Elon Musk promised that his company Neuralink would create implants thanks to which the blind would regain their sight and the paralyzed would be able to walk again. However, so far it has not received approval from the US Food and Drug Administration for the simplest human clinical trials aimed at enabling people with disabilities to write.
From 2019 Elon Musk announced at least four times that Neuralink would soon start human trials so that their implants could help people with disabilities. However, in fact, the company only in early 2022 submitted its first application for authorization to the Food and Drug Administration (FDA). Seven former and current Neuralink employees reported to Reuters office rejected it.
So far, this information has not been disclosed. Both Neuralink and Musk did not respond to Reuters requests for comment on the matter. The agency itself declined to comment, citing regulations that ensure companies the right to privacy of commercial information.
The FDA has objections to Neuralink implants
The agency noted dozens of problemsthat Neuralink needs to solve before it can start human trials.
– The main security concerns of the agency concerned device’s lithium battery; the possibility of the implant’s tiny wires migrating to other areas of the brain; and questions whether and how the device can be removed without damaging brain tissue employees interviewed by Reuters said.
A year has passed since the application was rejected, and Neuralink is still working on the comments made by the FDA.
Three Neuralink employees said they were skeptical the company could fix the issues quickly – despite Musk’s latest prediction at a November 30 presentation that the company would get FDA approval for human trials this spring.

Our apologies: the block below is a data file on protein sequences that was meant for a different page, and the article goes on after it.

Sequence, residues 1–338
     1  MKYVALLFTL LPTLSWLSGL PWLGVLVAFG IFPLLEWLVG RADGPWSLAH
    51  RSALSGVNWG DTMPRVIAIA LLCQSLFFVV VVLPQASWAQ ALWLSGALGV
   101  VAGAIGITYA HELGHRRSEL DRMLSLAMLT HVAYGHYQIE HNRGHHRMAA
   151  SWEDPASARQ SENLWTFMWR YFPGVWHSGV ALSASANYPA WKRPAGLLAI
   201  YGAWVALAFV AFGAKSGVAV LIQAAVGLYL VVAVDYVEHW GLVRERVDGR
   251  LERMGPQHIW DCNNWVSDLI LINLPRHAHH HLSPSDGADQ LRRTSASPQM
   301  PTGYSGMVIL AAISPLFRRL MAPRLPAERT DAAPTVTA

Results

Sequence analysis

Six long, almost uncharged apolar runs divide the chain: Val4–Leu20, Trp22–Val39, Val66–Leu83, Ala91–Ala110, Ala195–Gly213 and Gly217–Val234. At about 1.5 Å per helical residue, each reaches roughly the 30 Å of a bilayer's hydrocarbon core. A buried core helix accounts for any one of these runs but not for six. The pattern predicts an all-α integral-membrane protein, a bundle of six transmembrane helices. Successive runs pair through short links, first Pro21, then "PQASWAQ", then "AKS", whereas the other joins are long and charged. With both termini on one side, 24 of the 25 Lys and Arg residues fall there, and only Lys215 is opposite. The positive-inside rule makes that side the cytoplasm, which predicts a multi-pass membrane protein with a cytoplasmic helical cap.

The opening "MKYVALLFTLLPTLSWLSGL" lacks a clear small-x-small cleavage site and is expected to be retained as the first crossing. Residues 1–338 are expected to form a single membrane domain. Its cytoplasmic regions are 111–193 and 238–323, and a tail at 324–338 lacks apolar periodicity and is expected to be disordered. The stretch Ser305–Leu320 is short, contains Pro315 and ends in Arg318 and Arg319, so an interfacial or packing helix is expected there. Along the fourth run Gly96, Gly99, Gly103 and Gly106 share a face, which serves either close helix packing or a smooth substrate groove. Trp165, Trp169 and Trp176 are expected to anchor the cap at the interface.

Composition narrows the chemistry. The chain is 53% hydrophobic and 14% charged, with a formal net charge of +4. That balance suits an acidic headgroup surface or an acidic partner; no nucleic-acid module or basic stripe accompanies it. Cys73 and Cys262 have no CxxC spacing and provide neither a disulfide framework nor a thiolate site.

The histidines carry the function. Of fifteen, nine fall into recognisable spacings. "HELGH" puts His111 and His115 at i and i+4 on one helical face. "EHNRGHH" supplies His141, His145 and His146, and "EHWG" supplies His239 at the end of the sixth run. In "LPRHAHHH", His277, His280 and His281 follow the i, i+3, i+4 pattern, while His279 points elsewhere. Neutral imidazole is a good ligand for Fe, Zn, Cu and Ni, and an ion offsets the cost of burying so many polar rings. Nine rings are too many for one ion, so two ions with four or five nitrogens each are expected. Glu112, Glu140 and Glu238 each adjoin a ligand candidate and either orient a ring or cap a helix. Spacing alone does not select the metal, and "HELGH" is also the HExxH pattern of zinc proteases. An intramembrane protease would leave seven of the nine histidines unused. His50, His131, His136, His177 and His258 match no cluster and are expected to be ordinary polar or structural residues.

Just because the FDA has now rejected Neuralink’s application doesn’t mean the company can’t try again. However, according to experts in the Agency’s device approval processes rejection is a signal of serious concern against the project.
“Neuralink doesn’t seem to have the mindset and experience needed to bring it to market any time soon,” Kip Ludwig, former neural engineering program director at the US National Institutes of Health, told Reuters. NIH) and added that everyone in the industry expected this development.
Without directly commenting on the Neuralink case, the FDA said in a response to the agency that it adheres to high standards for vetting all brain implants, even if it is to speed up reviews. “Innovation and security are not an either-or scenariosaid Owen Faris, who helps oversee the FDA’s Office of Product Evaluation and Quality. The two must go hand in hand.
Musk’s promises and reality
During his speeches, Elon Musk has repeatedly talked about what a revolutionary solution the Neuralink implant is supposed to be. He promised to restore sight to the blind, mobility to the paralyzed, and even talked about things like “scrolling through your own memories.”
However, as Reuters notes, in February Dongjin “DJ” Seo, Neuralink’s vice president of engineering, told a conference that the “major short-term goal” was more modest: to help paralyzed patients communicate via computerized text without writing. Seo said that full mobility along with restoring sight to the blind are “long-term goals“.
– He can’t understand that it’s not a car. This is the human brain. This is not a toy – a former Neuralink employee told Reuters about Musk’s approach to implants.
FDA investigation into monkey testing
Neuralink’s focus on delivering a solution as quickly as possible has led to several problems.
In the foreground is the investigation conducted at the federal level whether the experiments carried out on pigs, sheep and monkeys were not cruel.
Three Neuralink employees have now told Reuters that company leaders wanted to speed up animal experimentation to gather the data needed to address FDA concerns about human research applications.
In addition, the U.S. Department of Transportation recently launched an investigation into whether Neuralink broke the law by handling the removal of chips from monkey brains without proper safeguards.
“We are conducting an investigation to ensure Neuralink is fully compliant with federal regulations and is protecting its employees and the public from potentially dangerous pathogens,” a department spokesman said on February 9, as news of the investigation emerged.
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